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Sweet & Sour Meatballs

Meatballs

  • ¾lb/340g minced beef
  • 2oz/57g fresh white breadcrumbs
  • 1 egg
  • 3 tbs cooking oil
  • 1 small onion
  • 1 carrot
  • 1 leek
  • 2 sticks celery
  • 2oz/57g mushrooms
  • salt & pepper

Sauce

  • 1 heaped tsp cornflower
  • 2 level tsp sugar
  • ¼pt/142ml water
  • 1 dessertspoon tomato ketchup
  • 1 tbs vinegar
  • 2 tsp soy sauce (optional)
  • salt & pepper

Method

  1. Place meat, breadcrumbs, egg & seasonings together in a bowl & mix well. Turn onto a floured board & shape into 16 balls.
  2. Heat oil in frying pan & fry meatballs until brown all over. Lift out onto plate.
  3. Peel & chop onion, peel carrot & cut into slices, slice leek & celery, quarter mushrooms. Add to pan & fry slowly.
  4. Place cornflower & sugar in a bowl & gradually stir in water. Add ketchup, vinegar & soy sauce & pour into frying pan, season and cover with a lid or foil. Cook for 30 minutes. Serve with ribbon noodles or mashed potatoes.

Crunchy Rhubarb Flan

Base

  • 6oz/170g digestive biscuits
  • 1½oz/170g margarine
  • 2 level tbs golden syrup

Filling

  • 1lb/450g rhubarb
  • 2–3oz/57–85g sugar
  • ¼pt/142ml water
  • 2 level tbs cornflower
  • ½ level tsp cinnamon

Method

Grease tin or flan ring. Crush digestive biscuits. Melt margarine & golden syrup & stir in biscuits. Press into a tin and leave to set.

Wash, trim & cut rhubarb.

Dissolve sugar in water in a saucepan. Add rhubarb & cook gently until tender. Drain off syrup. Place cornflower & cinnamon in basin & mix to a thin paste with 2 tbs rhubarb syrup. Add to rhubarb in pan & cook for 2 mins, stirring continuously. Pour into biscuit case & leave to set.

Sausage & Apple Pie

  • 1lb/450g sausage meat
  • ½ tsp mixed herbs
  • 1 small chopped onion
  • ½lb/225g cooking apples
  • 1 dessertspoon sugar
  • 1lb/450g mashed potatoes
  • 1 tomato, sliced

Mix sausage meat with herbs & onion. Peel core and slice apples & place in bottom of dish. Sprinkle with sugar, cover with sausage mixture. Cover with potatoes. Decorate with the sliced tomato. Bake in moderate oven for 30 minutes.

Ginger Shortbread

  • 4oz/115g butter
  • 2oz/57g caster sugar
  • 5oz/142g self-raising flour
  • 1tbs baking powder
  • 1 level tsp ginger
  • 2oz/57g sugar
  • 2oz/57g butter
  • 1 level tsp ginger
  • 3 tsp syrup

Melt in a pan & pour over shortbread while warm.

Pineapple Torte

  • 1½ packets Barmouth biscuits
  • 2oz/57g flaked almonds
  • 1oz/28g unsalted butter
  • ½pt/285ml double or whipping cream
  • 1 tin soft pineapple (or other soft fruit)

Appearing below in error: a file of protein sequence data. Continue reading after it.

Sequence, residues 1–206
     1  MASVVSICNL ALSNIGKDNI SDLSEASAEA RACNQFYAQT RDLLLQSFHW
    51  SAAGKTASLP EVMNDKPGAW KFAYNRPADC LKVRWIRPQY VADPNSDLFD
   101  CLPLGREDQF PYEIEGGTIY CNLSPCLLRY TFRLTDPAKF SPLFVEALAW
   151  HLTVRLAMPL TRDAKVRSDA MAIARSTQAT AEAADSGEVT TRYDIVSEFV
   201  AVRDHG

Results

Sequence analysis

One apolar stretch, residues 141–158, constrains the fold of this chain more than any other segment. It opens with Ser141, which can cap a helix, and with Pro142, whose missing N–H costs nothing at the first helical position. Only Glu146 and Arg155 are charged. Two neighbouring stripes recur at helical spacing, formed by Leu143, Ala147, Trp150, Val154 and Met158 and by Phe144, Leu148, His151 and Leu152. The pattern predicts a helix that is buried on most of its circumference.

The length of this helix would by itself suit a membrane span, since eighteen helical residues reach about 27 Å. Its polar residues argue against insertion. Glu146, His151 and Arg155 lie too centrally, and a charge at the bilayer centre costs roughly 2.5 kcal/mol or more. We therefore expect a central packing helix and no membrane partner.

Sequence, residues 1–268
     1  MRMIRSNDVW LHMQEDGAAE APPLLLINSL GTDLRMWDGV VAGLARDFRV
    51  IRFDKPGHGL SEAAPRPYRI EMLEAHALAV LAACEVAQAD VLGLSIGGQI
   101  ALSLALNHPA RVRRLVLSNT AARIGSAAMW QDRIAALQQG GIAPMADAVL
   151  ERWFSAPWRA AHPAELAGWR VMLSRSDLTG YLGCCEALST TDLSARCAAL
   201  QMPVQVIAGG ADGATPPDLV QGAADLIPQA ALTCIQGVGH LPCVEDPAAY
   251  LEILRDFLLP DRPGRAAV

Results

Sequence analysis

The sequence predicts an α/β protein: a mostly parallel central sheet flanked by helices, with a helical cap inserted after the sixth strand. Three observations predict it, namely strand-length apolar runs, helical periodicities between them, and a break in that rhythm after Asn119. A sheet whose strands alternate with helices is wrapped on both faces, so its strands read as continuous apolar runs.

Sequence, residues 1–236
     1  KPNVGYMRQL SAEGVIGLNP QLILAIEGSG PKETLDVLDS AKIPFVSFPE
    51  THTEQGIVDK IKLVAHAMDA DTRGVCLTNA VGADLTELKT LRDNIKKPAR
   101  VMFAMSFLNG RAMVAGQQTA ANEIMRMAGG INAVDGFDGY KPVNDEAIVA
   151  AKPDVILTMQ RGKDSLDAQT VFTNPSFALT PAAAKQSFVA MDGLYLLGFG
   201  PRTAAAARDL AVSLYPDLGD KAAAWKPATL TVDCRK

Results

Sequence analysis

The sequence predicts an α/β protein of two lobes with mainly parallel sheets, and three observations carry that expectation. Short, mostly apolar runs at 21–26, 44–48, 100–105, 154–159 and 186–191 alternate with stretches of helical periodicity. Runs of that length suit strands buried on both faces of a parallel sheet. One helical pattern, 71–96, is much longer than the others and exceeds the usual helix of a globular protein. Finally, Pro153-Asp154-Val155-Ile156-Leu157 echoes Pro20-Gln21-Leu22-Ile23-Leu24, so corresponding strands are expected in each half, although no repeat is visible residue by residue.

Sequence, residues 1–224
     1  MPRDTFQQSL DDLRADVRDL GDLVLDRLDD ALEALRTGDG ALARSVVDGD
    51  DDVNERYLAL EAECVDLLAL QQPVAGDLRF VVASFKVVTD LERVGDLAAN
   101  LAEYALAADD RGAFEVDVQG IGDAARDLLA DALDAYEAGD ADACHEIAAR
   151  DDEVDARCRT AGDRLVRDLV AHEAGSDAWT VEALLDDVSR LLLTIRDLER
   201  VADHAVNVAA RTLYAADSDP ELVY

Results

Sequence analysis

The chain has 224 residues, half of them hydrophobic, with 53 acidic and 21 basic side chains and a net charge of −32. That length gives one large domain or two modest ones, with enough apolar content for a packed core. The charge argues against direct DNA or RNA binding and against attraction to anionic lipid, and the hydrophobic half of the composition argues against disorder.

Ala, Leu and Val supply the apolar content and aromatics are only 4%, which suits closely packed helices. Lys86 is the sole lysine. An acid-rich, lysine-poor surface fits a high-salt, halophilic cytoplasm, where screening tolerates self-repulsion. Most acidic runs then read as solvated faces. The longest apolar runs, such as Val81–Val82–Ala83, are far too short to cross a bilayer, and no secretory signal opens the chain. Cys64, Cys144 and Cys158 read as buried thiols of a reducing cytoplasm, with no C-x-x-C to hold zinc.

• 4oz/115g icing sugar
  • 1 egg

Use a loose bottomed tin, 6–7 inches, 15–18cm.

Crush biscuits & toss in 1oz/28g melted butter.
Cream together butter & icing sugar. Add egg.
Line bottom of tin with half the biscuits.
Spread on half the creamed mixture.
Layer—pineapple, nuts (almonds), whole of the cream.
Top with remaining biscuits.

Refrigerate overnight or freeze. Serve upside down.

Spicy chickpea chaat

This one is ideally best served on a sunny evening in Eskdale, after having spent at least an hour pitching a new tent. Twice. Preparing this is a lot easier.

Ingredients

  • 1 Tin of chickpeas (450g)
  • 2 Tablespoons of plain yogurt
  • 1/2 onion, finely chopped
  • Plenty of black pepper
  • 1 Teaspoon of tandoori powder
  • 1/2 Teaspoon of chilli powder
  • 1/2 Teaspoon of chilli flakes
  • 1/2 Teaspoon of mint (jar)
  • Juice of 1/2 lemon or lime
  • Salt to season

Mix all the above ingredients in a bowl.

I found the above quantities enough for 3 people as a starter. I can imagine making a large bowlful for diners to help themselves to before the main courses arrive.

Curry in a hurry

In 2013 a friend was kind enough to buy me a course at the Curry Academy. I highly recommend it if you’re anywhere near the splendid garden city of Huddersfield. The particular course I took was Restaurant Style Cooking, the point of which is summarised here:

Have you ever wondered why curries cooked at home never taste like the ones ordered from a restaurant? This course will de-mystify the cooking techniques used to produce restaurant standard dishes.

What I hadn’t appreciated was how much time could be taken out of the process, without losing any of the flavours of a properly home-cooked dish. And how few ingredients are required.

Continue reading “Curry in a hurry”